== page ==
Thursday, April 20, 2023 –It has emerged that at least 12 percent of William Ruto’s supporters who voted for him now believe he rigged himself into office.
In new research findings delivered on Thursday April 20 morning,12 percent of the Kenyans who voted for President William Ruto in the August 9, 2022 General Elections now believe he lost to his rival, Raila Odinga.
Trends and Insights for Africa TIFA has released the findings that also indicated that 75 percent still believe he won the race while the remaining are stuck in between.
On the other hand, 14 percent of declared Raila Odinga voters believe that UDA Party’s Ruto won the election while 71 percent believe he did not. The remaining Raila supporters are not sure.
Averagely, 48 percent of all Kenyans believe that Ruto won the election while 37 percent believe that the sitting President rigged himself into office.
The remaining 15 percent of Kenyan voters are not sure who, between Raila and Ruto won the presidential election.
“Among those who claim to have voted for either of the two main 2022 presidential contenders, only a modest plurality believe that the officially declared winner – William Ruto – did, in fact, receive the most votes (48% vs. 37%). However, the split on this issue between Ruto and Odinga voters is stark, with nearly equal numbers expressing the view that he did/did not achieve this (75% vs. 71%),” TIFA said.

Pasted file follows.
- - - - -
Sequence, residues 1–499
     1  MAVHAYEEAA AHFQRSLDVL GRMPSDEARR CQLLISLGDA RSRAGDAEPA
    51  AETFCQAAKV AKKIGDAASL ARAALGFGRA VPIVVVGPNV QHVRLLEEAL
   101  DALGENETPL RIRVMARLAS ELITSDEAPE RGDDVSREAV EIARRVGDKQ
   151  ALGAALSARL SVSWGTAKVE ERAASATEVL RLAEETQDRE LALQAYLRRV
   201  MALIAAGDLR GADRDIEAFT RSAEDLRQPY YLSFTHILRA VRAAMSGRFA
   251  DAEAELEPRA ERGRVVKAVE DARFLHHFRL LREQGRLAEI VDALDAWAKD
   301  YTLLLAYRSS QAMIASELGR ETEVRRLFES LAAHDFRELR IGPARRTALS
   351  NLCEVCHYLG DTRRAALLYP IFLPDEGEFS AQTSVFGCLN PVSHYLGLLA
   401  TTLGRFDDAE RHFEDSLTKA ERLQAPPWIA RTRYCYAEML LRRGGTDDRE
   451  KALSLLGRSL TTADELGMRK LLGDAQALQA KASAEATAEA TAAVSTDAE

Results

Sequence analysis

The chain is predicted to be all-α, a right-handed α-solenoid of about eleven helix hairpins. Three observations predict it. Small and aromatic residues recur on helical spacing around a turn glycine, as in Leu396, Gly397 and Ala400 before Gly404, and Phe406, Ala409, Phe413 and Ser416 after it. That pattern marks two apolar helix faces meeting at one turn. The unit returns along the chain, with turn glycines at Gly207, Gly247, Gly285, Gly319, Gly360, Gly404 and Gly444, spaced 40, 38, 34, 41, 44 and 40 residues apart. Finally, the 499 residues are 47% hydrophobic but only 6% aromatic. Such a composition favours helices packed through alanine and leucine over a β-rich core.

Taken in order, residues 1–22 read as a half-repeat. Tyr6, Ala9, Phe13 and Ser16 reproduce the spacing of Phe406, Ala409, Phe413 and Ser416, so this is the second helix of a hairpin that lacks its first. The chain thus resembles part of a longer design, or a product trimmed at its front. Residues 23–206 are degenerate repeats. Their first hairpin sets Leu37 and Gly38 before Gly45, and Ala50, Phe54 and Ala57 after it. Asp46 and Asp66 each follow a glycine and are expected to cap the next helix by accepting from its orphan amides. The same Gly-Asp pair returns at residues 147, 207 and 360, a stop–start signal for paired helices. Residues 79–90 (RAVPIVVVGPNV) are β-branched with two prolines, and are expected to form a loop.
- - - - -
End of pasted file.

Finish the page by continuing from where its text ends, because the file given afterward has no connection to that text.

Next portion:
According to the same research, 52 percent opined that opposition MPs should work with the government for development to succeed. 41 percent want the opposition MPs to remain “stong” in the opposition, while the remaining seven percent did not favour any side.
32 percent of Kenya Kwanza supporters want opposition MPs to remain loyal to their parties while 62 percent want the MPs to join government side.
On the other side, 54 percent of Azimio supporters want their MPs to remain in the opposition while 40 percent want them to join government.
However, while larger majorities of Kenya Kwanza supporters and Azimio supporters take these opposing positions, neither of these reach the two-thirds mark, suggesting how divided supporters of these coalitions are even among themselves on this matter.
TIFA also established that 48 percent of Kenyans not affiliated to any political party want opposition MPs to work with the government while 35 percent in this category want the MPs to remain in the opposition. 17 percent were either not sure or had no opinion on the same.
According to the fresh data, it is clear that these numbers mean a lot in the ongoing talks between the opposition and the government.
Hitherto, Odinga with his troops believe Ruto rigged himself into power through digital manipulation of the electoral systems.